Financial Times
, July 16)But thanks to the especially rapid growth of our debt relative to GDP in recent years – exacerbated by the Afghan and Iraq wars and the financial crisis – the ceiling has the potential to provide some real excitement every once in a while.The Relentless Growth of DebtGreece, Ireland, Portugal, Spain, Italy, Iceland, the U.S., California . . . the list of governments with debt problems is long and grows longer. The issue has flared up in thelast fifteen months and is often in the headlines nowadays.And yet, the general conditions causing the concern are nothing new. The deficits anddebt that worry people today have existed for a good while: similar in kind albeit perhaps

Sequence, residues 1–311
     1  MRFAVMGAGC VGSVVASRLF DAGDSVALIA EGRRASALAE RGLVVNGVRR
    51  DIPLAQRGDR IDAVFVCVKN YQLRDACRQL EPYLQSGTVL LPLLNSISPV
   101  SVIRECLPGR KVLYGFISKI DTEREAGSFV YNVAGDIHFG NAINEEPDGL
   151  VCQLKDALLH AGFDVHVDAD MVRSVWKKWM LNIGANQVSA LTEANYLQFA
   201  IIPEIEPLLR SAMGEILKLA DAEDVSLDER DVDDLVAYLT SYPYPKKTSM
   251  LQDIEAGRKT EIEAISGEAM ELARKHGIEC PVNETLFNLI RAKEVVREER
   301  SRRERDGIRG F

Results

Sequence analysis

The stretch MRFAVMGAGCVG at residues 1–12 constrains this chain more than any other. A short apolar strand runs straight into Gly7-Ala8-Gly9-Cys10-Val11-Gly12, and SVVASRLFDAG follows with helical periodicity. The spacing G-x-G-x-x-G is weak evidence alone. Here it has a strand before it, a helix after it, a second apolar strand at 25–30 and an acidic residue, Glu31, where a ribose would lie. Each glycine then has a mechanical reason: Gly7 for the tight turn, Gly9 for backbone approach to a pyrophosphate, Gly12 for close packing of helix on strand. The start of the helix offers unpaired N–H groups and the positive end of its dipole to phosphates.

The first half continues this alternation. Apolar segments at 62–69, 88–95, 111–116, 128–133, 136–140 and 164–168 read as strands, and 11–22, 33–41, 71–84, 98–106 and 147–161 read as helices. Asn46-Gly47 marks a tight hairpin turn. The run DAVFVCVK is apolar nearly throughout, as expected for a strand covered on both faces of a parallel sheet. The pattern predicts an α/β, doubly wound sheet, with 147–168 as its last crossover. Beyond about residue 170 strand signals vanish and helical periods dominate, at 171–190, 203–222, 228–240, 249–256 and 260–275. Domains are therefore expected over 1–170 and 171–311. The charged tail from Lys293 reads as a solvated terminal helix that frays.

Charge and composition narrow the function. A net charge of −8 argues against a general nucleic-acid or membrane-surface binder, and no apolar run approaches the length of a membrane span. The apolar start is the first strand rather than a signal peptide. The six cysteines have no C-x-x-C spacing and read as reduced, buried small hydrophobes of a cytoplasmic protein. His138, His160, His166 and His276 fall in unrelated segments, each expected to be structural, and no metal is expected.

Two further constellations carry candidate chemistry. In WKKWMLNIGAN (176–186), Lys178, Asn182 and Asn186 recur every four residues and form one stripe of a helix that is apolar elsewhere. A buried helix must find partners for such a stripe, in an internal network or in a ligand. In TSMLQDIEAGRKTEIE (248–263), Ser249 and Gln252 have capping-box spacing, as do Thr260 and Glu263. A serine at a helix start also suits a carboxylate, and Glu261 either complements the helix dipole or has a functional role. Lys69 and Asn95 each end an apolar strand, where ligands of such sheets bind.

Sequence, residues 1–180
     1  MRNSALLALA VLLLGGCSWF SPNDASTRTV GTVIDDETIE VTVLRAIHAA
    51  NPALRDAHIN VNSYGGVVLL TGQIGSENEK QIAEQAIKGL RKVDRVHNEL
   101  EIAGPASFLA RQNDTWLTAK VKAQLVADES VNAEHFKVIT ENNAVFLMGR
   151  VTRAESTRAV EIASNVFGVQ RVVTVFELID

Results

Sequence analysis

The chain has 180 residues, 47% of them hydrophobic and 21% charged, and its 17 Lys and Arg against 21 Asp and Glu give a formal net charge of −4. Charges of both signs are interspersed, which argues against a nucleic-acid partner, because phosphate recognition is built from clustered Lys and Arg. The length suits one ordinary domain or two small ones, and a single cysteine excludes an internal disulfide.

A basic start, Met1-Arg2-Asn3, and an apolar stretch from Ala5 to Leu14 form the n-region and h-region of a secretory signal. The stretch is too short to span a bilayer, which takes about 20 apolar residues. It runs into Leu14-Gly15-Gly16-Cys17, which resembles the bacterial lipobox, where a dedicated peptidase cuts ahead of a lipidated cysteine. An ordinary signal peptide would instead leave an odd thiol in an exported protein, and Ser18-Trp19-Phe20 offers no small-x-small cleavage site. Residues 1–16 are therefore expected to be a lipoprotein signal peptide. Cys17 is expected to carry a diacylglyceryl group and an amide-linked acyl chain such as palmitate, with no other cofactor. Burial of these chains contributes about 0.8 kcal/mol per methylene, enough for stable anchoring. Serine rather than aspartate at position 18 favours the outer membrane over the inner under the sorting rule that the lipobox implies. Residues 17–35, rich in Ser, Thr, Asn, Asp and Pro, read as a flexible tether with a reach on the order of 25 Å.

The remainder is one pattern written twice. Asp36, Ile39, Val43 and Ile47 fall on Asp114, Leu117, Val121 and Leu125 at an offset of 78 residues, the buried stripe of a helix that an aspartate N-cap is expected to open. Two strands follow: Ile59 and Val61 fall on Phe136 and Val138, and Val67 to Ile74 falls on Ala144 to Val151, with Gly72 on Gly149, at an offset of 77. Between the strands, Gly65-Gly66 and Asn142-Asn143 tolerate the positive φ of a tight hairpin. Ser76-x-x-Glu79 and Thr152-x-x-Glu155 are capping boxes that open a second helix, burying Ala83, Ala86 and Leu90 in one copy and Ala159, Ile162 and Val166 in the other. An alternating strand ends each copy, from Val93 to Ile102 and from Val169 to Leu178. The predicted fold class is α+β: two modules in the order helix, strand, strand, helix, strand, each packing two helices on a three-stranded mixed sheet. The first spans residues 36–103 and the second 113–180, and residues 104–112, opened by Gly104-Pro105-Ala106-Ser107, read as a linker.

CONFIDENTIAL © Oaktree Capital Management, L.P. All Rights Reserved